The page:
(Recasts; adds analysts’ comments, background, share movement)
By Vidya L. Nathan
BANGALORE, Oct 6 (Reuters) - An independent data monitoring committee found Dendreon Corp’s DNDN.O experimental prostate cancer drug, Provenge, reduced the risk of death by 20 percent compared with a dummy drug in a late-stage trial, but analysts remained skeptical about the drug’s ability to gain regulatory approval.
Provenge, which has been facing regulatory hurdles for years, had earlier failed to show that it slowed the progress of advanced prostate cancer in two key trials.
Shares of the company almost doubled in value to $10.00, before falling back to trade up $1.65 at $6.85 Monday afternoon on Nasdaq.
“We believe much of today’s share price move is due to short covering,” Banc of America Securities analyst Will Ho said. “Considering the totality of the data available, we are skeptical of a positive outcome of the final analysis,” Ho wrote in a note to clients.
Dendreon said it would expect the late-stage trial, named IMPACT, to be successful if the final analysis of data shows Provenge cut the risk of death by 22 percent. The independent data monitoring committee’s finding that Provenge reduced the risk of death by 20 percent was based on an interim analysis of data from the IMPACT trial.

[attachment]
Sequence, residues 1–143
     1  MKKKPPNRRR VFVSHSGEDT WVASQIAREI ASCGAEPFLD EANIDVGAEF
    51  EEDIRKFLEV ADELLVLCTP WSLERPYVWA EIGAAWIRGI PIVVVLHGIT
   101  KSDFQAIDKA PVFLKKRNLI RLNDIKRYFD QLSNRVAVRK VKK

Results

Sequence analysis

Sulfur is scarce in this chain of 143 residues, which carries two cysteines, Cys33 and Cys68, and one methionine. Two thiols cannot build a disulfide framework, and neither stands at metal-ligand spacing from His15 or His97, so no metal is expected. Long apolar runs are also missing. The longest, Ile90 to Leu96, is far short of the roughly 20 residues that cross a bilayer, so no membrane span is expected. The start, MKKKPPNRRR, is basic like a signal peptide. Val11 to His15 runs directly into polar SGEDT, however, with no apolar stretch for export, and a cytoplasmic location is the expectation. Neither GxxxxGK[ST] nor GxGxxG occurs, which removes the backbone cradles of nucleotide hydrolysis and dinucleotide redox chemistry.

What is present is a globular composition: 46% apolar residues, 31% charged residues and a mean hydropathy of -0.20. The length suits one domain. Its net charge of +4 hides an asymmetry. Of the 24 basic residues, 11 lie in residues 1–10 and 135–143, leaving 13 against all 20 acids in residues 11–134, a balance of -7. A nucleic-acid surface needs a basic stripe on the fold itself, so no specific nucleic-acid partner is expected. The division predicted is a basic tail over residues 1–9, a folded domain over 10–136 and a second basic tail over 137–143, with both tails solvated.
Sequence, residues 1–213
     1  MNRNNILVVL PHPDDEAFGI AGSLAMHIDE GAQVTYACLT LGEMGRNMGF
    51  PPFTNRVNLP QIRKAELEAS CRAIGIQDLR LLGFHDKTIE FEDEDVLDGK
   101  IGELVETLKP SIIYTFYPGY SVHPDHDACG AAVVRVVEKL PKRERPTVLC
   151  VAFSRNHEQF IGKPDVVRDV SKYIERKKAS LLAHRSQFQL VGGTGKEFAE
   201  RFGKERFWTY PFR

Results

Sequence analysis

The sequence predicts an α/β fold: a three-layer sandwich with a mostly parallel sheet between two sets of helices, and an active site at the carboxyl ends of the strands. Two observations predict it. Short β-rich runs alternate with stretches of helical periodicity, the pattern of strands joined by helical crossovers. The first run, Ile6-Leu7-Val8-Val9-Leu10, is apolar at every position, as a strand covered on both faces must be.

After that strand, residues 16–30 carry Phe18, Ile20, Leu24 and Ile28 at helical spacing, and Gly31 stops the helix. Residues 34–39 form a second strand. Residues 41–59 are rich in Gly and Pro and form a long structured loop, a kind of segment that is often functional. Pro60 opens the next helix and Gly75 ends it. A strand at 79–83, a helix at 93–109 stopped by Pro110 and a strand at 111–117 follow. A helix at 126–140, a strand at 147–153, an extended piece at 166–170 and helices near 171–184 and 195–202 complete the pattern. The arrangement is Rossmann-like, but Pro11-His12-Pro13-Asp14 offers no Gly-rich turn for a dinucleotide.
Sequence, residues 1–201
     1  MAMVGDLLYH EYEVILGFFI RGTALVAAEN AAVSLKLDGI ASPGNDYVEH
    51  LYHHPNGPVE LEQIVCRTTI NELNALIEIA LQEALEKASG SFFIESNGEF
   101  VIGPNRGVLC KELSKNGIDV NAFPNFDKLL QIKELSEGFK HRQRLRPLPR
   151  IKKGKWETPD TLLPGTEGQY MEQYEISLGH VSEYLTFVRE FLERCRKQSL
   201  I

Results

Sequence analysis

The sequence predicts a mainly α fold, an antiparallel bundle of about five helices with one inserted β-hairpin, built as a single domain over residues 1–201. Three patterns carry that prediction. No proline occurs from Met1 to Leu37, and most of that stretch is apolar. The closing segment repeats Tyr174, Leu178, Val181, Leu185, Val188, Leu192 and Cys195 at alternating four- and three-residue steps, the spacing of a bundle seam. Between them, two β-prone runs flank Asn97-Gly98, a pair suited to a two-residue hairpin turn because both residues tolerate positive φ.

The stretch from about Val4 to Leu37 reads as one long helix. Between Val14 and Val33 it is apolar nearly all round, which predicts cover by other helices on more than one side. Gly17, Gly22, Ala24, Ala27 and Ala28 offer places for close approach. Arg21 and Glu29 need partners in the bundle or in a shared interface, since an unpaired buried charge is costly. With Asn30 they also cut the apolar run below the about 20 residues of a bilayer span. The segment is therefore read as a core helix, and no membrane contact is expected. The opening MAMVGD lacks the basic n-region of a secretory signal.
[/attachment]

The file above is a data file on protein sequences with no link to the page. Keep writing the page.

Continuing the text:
Final data from the trial is expected in the middle of 2009.
The data monitoring committee observed no safety concerns related to Provenge, and recommended that the study continue to its final analysis, Dendreon said in a statement on Monday.
“We believe there are too many unknowns that prevent us from expecting success at final analysis next year,” Brean, Murray Carret & Co analyst Jonathan Aschoff said.
In May last year, U.S. health regulators issued an “approvable letter” for Provenge and asked for additional data. The IMPACT study was in response to the regulators’ request for survival data that would support the approval of Provenge. (Editing by Amitha Rajan, Pratish Narayanan)